Development of Lightweight Steel Drillpipe With a 165-ksi Yield Strength
- Yasushi Tsukano (Nippon Steel Corp.) | Masakatsu Ueno (Nippon Steel Corp.)
- Document ID
- Society of Petroleum Engineers
- SPE Drilling Engineering
- Publication Date
- September 1991
- Document Type
- Journal Paper
- 209 - 214
- 1991. Society of Petroleum Engineers
- 4.2.3 Materials and Corrosion, 1.6 Drilling Operations, 1.10 Drilling Equipment
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This paper describes the development of a lightweight steel drillpipe with a 165-ksi (1137-MPa) yield strength. The drillpipe was developed according to three design objectives and verified by full-size and material-evaluation tests. The lightweight steel drillpipe has two advantages over standard API G-105 pipe with the same pipe-body OD-it weighs 25% less and has a 20% lower hydraulic loss (loss of pipe-body OD-it weighs 25% less and has a 20% lower hydraulic loss (loss of fluid pressure)-but maintains a performance level comparable with that of G-105 pipe.
Wider application of horizontal and extended-reach drilling has in-creased the need for lightweight drillpipe to reduce the greater torque and drag caused by increasing hole angles. Lightweight aluminum and titanium drillpipes were developed but are not widely used because they are much more costly than heavier steel drillpipe. Therefore, from an economic viewpoint, lightweight steel drillpipe is the best type of pipe for horizontal and extended-reach applications.
The weight of steel drillpipe is reduced by decreasing the pipe's wall thickness. Performance is maintained by use of high-strength steel. This is the ordinary way to design a lightweight pipe; how-ever, in the case of drillpipe, it is only the starting point of development. For example, the upset configuration must be designed so that it can be fitted to the thin pipe body. The tool joint also needs to be selected on the basis of its adaptability to the upset. Furthermore, both designs should minimize hydraulic loss in the drillpipe.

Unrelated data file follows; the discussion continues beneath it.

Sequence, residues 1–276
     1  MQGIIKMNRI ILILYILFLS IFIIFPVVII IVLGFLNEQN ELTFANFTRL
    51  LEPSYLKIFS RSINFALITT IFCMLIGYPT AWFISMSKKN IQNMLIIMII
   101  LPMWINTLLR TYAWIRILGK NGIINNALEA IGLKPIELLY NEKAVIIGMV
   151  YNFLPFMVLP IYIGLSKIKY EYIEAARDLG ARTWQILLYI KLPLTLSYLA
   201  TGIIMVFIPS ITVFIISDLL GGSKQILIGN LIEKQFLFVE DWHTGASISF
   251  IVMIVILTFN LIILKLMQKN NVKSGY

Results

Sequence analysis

We established three design objectives.
1. The ID had to be as large as possible to mi hydraulic loss.
2. The stress concentration at upset transitions had to be reduced to prevent fatigue failures.
3. The upset had to be as thin as possible on the basis of the allowable section modulus. The allowable section modulus was calculated with the following equation:
Zu=Zp(Hp/Hu) ................................... (1)
where Zu =the allowable section modulus of upset, ZP =the section modulus of pipe body, Hp = the Vickers hardness of pipe body, and Hu = the lowest Vickers hardness in upset.
Pipe Body. A pipe OD of 5 in. [127 mm] was selected because Pipe Body. A pipe OD of 5 in. [127 mm] was selected because it is common in drilling. The pipe body was 0.256 [6.5 mm] thick for practical reasons. The yield strength was 165 ksi [1137 MPa], the highest commercial grade.
Upset. External upset initially was used as the upset type for the lightweight drillpipe because the large ID effectively reduced hydraulic loss; however, stress was concentrated at the external upset transition (see Fig. 1). To lessen the stress concentration, the pipe thickness at the external transition was increased slightly by use of pipe thickness at the external transition was increased slightly by use of the internal upset. Fig. 2 shows the final upset design.
Fig. 3 shows the upset's bending stress contours. Because the stress concentrations at the upset transitions were reduced effectively, the maximum stress was not observed at either the external or internal upset transitions.
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